Building An Online Store 2022
5 Things You Need To Consider When Building Your First Online Store
No overbearing boss, no set schedule, no limits on what you can achieve. That’s the dream, isn’t it? We all want to take control of our professional lives, and we’re fortunate enough to live in a time when technology makes it eminently possible. Building an online store can be simple.
For the typical aspiring entrepreneur, one of the biggest steps down the road to full-time self-employment involves building their first online store — whether it’s intended as a learning exercise or a full-on commitment to moving into the world of ecommerce.
And online retail certainly has the potential to deliver massive returns… but it’s far from easy. There are plenty of bad ecommerce sites out there, racking up hosting costs and never actually delivering the sales to justify them.
If you want to get off to a great start, then, you need to be prepared. Here are 5 things you need to consider very carefully when building your first online store:
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Your preferred fulfilment method
Though your orders will be placed online, they won’t be delivered that way: you’ll need some way of getting them to the buyers, and the approach you choose will have a major impact on the nature and potential of your store. There are three common options to choose from:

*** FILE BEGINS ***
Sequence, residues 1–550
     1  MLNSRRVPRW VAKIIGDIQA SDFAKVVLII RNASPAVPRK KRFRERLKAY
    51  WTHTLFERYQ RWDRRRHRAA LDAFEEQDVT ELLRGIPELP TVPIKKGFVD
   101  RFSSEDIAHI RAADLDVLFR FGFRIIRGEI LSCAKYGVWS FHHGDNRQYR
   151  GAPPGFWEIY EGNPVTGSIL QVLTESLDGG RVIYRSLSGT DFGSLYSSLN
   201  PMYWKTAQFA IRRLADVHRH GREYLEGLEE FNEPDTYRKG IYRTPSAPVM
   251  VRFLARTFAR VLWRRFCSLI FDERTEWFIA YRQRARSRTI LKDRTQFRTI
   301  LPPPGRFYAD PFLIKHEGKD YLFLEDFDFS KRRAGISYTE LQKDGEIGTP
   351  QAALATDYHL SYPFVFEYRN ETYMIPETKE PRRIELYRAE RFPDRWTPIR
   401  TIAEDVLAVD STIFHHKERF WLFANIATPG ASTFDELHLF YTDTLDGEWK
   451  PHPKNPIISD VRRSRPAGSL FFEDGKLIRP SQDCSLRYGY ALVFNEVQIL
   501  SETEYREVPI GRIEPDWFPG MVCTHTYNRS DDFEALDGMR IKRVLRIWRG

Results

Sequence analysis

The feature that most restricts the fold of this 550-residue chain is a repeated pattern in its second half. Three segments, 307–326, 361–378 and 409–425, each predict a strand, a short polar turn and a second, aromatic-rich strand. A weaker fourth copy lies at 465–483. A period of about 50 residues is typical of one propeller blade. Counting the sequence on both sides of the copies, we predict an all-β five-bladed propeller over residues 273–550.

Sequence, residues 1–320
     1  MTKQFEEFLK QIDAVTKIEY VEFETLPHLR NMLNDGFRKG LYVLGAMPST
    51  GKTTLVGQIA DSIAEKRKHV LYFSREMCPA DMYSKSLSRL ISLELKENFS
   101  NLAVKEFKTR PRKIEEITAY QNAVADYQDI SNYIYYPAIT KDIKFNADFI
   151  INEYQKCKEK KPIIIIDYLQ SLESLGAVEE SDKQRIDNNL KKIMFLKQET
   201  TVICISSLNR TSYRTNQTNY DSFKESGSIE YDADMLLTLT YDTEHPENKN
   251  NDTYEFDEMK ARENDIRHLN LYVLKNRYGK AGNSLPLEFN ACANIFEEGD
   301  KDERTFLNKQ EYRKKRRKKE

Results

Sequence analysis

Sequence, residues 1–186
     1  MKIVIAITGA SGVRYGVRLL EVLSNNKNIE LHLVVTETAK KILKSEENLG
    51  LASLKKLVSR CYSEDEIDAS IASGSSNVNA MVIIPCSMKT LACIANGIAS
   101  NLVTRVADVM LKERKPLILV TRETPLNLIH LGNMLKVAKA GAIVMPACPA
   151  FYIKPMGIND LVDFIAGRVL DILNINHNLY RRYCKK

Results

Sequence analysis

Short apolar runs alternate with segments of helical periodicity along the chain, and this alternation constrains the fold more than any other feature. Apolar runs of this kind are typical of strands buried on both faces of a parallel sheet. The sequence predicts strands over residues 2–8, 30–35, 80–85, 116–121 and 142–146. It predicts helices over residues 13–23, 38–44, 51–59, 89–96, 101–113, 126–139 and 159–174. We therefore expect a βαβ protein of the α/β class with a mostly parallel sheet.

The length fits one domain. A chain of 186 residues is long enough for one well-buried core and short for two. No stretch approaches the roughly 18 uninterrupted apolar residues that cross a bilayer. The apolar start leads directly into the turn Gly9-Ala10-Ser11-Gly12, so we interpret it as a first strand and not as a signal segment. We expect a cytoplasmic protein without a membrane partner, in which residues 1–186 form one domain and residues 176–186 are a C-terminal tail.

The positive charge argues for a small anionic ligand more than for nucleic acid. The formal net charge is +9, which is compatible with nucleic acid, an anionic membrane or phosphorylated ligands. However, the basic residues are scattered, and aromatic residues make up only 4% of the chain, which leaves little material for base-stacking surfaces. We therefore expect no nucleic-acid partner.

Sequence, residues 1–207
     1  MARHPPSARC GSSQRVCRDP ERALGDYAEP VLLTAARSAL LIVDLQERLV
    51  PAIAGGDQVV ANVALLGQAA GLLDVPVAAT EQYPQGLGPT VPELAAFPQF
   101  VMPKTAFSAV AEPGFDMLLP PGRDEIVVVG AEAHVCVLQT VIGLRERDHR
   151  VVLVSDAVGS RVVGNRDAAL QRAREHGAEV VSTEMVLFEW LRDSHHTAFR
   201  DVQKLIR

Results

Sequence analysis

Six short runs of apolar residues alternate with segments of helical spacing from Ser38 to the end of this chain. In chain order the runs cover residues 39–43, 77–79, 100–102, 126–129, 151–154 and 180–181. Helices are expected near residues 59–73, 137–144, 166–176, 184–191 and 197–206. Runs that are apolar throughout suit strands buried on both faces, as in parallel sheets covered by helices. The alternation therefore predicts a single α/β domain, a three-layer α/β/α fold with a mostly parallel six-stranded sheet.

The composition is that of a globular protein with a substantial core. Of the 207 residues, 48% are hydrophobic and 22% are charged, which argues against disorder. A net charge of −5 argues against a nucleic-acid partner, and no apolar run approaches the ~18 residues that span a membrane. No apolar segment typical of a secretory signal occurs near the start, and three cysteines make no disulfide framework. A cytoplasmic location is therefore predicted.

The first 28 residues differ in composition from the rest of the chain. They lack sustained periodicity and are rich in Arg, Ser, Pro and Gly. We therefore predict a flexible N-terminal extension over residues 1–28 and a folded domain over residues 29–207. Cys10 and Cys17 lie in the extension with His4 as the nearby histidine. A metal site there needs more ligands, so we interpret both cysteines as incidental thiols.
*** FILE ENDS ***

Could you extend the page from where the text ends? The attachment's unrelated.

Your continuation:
- Near-total control. This is the DIY fulfilment option, because you don’t pass the buck on anything barring the carriage and delivery. You source (or create) the products, stock them, and send them out for delivery through the selected shipment services. It can be complicated and expensive, but you’ll end up with a larger portion of the profits.
- Third-party warehousing. This is an increasingly-common option that involves paying to use existing fulfilment services (such as Amazon’s FBA network). You pass orders along to the company storing your stock, and it handles things from there.
- This option is maximally convenient, but very restrictive. You never actually handle stock when dropshipping: instead, you select products offered through dropshipping suppliers and list them however you prefer in your store. Any resulting orders are passed to the relevant suppliers, with your profit coming from whatever you charge above the wholesale cost.
There is one alternative, of course, which is to sell only digital products that can be delivered through the internet (guides, ebooks, videos, etc.). If you have a great deal of expertise to offer, that is an option, but it’s fairly rare since it doesn’t work for most merchants.
What assistance you’ll want
Are you going to run your store entirely as a solo operation, or are you going to want to turn it into a larger business with other employees? There may be certain elements that you should outsource, depending on your skills and how much free time you have: for instance, you might want someone to help out with graphic design.
You have various options for getting any assistance you need: there are generic outsourcing sites like Fiverr or Upwork (another alternative here) that can really keep your costs down if you don’t mind the risk, or you can hire part-time or full-time employees (even working remotely if that’s easiest).